When someone from the Black and White Fine Art Photography community of Google Plus, upon seeing one of the photographs of my series The night of lonely men, asked the question «It does have a reputation of ‘a violent city’, dangerous for only escapades. Is it true? «, I knew that the work I had been doing in capturing these nocturnal images of Caracas made sense. And it’s not that I did not believe it before, but this time, under that concern expressed by that popular social network for amateur photographers, the content of each image began to show two things: the interpretative power of the documentary record that the documented scenes make possible and its capacity to generate restlessness in the spectator, from a primary interpretation – at first sight -, and also isolated from the whole, because after all it was a series and that spectator of Google Plus had hardly seen one picture.
I was glad that one image, just one, of that group could arouse this concern and at the same time I was embarrassed to think if perhaps the record that was being made could constitute a scarce manifesto of the night reality of Caracas, just at a time when that too many people in the world were looking at Venezuela.
The 2017 report on the 50 most violent cities in the world, generated by the Citizen Council for Public Security and Criminal Justice of Mexico, places Caracas in second place. This location is based on the record of the homicides that occurred during the year and in 2017 there were 3,387 registered, which shows a rate of 111.19 homicides per 100 thousand inhabitants. This is an overwhelming amount and if we add the accelerated migration process, which registers about four million Venezuelans seeking better life options abroad, we will have a dantesque panorama of the reality of the country. A horizon where fear and self-imprisonment have been installed.
Going out on the street today in Caracas can be a risky bet, especially if it’s at night. The economic and political crisis that the country is going through has generated deficiencies and important collapses. There is a considerable decrease in the public transport system, constant failures in the electricity supply and, consequently, a general darkening of the city. The supply of drinking water, the garbage and waste collection service are also deficient. The police presence in the streets has been increased, but this has not achieved the withdrawal or decline of crime, because several of the police agencies have been involved in acts of extortion, robbery and kidnapping.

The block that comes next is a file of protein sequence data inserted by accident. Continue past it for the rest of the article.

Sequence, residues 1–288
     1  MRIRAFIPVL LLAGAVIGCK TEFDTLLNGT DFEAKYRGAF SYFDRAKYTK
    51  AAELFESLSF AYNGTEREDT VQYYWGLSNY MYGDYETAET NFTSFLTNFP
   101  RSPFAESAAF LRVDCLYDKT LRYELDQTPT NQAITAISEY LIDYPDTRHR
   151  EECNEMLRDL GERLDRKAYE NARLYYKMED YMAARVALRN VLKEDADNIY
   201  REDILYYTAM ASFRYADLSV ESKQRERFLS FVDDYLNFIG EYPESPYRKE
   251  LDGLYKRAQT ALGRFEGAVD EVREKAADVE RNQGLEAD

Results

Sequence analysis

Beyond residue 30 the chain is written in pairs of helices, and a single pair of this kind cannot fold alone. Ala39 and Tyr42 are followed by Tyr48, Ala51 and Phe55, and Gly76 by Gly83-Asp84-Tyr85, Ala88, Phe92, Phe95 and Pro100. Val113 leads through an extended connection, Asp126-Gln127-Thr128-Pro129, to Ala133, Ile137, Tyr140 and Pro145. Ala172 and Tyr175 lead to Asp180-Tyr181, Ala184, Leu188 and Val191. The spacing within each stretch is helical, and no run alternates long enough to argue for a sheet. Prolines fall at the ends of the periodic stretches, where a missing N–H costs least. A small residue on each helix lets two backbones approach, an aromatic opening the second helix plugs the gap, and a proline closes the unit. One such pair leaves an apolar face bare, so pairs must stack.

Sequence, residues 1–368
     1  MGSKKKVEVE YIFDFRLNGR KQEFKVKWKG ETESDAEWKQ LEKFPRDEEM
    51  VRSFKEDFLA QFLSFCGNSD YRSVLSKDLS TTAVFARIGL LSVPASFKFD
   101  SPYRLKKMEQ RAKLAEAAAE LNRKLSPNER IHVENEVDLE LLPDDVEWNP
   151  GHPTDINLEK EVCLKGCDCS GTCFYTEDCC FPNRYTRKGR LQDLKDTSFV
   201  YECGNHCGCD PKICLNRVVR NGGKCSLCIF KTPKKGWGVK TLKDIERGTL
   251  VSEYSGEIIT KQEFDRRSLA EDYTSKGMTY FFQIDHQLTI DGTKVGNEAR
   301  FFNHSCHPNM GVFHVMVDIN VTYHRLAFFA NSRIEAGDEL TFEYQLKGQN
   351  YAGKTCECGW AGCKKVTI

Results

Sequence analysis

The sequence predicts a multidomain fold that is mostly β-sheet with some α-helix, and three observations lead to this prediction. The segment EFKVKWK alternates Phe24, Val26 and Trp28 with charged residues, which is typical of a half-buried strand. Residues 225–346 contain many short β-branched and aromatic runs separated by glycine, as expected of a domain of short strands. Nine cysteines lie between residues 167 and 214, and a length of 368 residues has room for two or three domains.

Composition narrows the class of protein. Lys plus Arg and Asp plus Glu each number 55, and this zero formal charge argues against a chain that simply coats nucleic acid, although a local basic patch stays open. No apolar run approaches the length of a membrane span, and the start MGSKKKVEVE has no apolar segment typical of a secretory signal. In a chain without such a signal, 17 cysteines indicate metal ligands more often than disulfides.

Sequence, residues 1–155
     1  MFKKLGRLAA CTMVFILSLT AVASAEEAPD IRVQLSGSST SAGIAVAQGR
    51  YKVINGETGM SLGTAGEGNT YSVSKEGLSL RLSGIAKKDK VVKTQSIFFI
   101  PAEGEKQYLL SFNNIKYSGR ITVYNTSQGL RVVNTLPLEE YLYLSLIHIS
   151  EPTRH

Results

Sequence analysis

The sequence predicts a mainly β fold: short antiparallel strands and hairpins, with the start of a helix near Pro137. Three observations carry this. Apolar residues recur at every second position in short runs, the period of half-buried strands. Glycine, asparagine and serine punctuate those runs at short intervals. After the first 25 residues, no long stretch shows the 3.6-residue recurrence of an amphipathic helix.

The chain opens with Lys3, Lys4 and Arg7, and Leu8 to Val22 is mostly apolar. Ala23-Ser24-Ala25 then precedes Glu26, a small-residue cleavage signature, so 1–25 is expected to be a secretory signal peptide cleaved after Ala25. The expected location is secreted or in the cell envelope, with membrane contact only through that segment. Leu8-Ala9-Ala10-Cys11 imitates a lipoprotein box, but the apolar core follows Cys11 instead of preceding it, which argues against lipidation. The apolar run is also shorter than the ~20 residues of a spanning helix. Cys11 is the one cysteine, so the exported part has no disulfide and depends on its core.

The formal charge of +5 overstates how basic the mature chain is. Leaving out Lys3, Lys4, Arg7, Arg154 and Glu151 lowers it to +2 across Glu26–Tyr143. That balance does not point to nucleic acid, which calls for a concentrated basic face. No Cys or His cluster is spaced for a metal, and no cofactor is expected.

From this reality the answer to the concern expressed in Google Plus can only be positive: Yes, it is true, Caracas is a violent city, it has earned that reputation. However, they would be surprised at how many people still go out into the street, even late at night.
To go out, to make public, to rebel, to defy the night, has always been a habit of the inhabitants of Caracas, of the youth of Caracas. Going out, making oneself public, rebelling against fear, against the darkness, is today a kind of cry that has become a slogan within some spaces of pro-citizen social action. As a photographer I have participated in this documenting this city reality for my personal archive and also for the Civil Association “Ciudad Laboratorio”, which since May 2017 has undertaken an audit of public spaces in Caracas.
Taking photos of Caracas during the night involves risks, it is true, but I have not walked this road alone. It has been four months of work with a multidisciplinary team and with the support of two security people, who have been our eyes when we are focused on the Caracas night record, be it photographic or data collection in the spreadsheets for that purpose. . From this walk through the city at night (from 6:00 a.m. to 8:30 p.m.) several observations have emerged, among them the following: fear and self-imprisonment become more present as one moves towards the suburbs of the city. This, and especially in the sectors of middle class up. Towards the center and in the neighborhoods of poor class the street is crossed more, it is feared less.
I have also noted the darkness and the deficiency in public transport. The loneliness of many is overwhelming. Caracas is a sick city today, I have no doubt about it. But it is a sick city that struggles to generate antibodies for its healing. A city where you still go out and dance. A city wounded by an absurd and perverse ideologization, by phrases and government slogans that proclaim the union in the midst of uncertainty, distrust and disaffection generated by senior government representatives. A game of malignant rhetoric.
The greatest concern is the effect that all this can cause – and is causing – in the younger generations, in the children. What hope is there that there will ever be an open dialogue between this young generation that rises under the yoke of this ideologization and that other that comes and has forged criteria of life from times before Chavism?
Yes, traveling the Caracas night without company is not recommended, much less for women, who can be left helpless in the shadows and bewilderment. But you have to go out, make yourself public, reveal yourself and move forward so as not to be stranded in the middle of the street like a soul without sorrow, like an empty body. This has been the most significant observation I have made thanks to my desire to photograph Caracas at night.